The type of cut you use will depend on the type of shrub or hedge you have, what tools you’re using, and the condition of the plant.
When you thin a hedge you’re removing any kind of undesired growth, getting rid of any unwanted branches. Unlike shearing or heading cuts, thinning will not stimulate new growth.
This type of cut is made on a branch in order to encourage new growth. This cut will bring back a stem that will grow new side branches right behind the cut from dormant, existing buds. When you prune shrubs using a heading cut it will keep them at the perfect height for your landscape. However, you should avoid cutting more than a quarter of the height. You should also prune younger plants during their first year within one foot of the ground. This will shorten stems and encourage new growth.
This type of cut is made in order to shape a bush or hedge without cutting back the branch to the bud. Most plants that are chosen for this type of cut have many buds that are close together, so the cuts will typically end up close to a bud anyway, encouraging new growth.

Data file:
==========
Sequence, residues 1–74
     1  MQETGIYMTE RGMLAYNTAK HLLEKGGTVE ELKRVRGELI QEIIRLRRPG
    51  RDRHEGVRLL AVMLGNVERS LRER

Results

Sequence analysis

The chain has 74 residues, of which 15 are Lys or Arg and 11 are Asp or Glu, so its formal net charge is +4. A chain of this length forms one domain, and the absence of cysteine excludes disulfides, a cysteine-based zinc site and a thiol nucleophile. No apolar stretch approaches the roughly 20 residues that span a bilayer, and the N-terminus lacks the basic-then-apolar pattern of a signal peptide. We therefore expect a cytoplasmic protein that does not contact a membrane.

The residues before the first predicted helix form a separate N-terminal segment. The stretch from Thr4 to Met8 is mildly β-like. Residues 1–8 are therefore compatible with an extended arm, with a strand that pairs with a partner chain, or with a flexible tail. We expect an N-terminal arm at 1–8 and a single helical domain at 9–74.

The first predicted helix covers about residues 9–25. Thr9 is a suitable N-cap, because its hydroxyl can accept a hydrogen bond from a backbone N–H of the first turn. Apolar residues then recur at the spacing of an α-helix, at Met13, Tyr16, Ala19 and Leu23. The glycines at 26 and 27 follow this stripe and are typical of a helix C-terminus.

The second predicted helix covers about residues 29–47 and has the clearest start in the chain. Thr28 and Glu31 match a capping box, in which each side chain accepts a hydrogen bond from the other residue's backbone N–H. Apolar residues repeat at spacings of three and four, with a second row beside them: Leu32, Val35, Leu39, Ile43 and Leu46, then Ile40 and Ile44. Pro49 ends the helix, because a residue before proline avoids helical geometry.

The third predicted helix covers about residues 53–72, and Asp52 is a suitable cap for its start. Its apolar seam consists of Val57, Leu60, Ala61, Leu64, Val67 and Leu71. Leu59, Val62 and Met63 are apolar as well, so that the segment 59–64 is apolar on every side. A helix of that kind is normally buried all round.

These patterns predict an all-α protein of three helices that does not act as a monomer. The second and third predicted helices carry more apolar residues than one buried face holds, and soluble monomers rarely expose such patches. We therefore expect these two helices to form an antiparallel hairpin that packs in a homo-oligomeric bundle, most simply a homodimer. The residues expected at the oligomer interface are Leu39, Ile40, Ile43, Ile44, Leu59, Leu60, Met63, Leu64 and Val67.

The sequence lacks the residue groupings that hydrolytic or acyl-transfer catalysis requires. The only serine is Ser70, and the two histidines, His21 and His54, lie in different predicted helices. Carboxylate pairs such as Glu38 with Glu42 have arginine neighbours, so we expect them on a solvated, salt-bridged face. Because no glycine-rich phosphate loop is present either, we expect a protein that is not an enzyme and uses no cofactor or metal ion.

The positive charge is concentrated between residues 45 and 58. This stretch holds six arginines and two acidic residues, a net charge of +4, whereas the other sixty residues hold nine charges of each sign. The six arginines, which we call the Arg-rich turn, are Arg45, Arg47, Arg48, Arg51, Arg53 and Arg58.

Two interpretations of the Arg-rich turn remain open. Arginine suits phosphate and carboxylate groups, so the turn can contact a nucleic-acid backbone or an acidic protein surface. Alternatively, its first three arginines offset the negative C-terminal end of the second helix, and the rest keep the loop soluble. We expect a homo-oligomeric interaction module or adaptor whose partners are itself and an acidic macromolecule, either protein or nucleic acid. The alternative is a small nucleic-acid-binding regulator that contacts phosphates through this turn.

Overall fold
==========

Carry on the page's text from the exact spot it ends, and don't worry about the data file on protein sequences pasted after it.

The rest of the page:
Removing branches that are larger than one inch in diameter will require the three-cut technique. This method eliminates the branches’ weight before you make the last cut in order to prevent tearing. First, you’ll make a very small cut close to the bottom of the branch, two to three inches from the collar of the branch. Next, you’ll cut from the top down, right outside the initial cut, which will complete the cut and remove the branch. The last cut should be up against the collar’s branch, in order to provide a cleaner cut near the trunk that won’t break or tear from the weight of the branch.
Deciduous Shrub Trimming
Trimming this type of shrub will involve removing damaged or dead branches as you lightly shape any stems in order to encourage growth. The type of tools you’ll need for this job will depend on the size of the branches.
Start off by identifying any damaged or dead wood. Using your shears, cut using a forty-five-degree angle right above the branches’ collar. This ridge is located at the junction of the main trunk and branch. This area will quickly heal and is the perfect place to cut back a whole branch for removal.
Next, look for any branches that are rubbing together. These are the branches that will usually cause open wounds to the branches as they rub together. Make sure you use a forty-five-degree angle when you cut the branch at the collar. This will discourage any new growth from popping up in the same area.
Shaping Evergreen Shrubs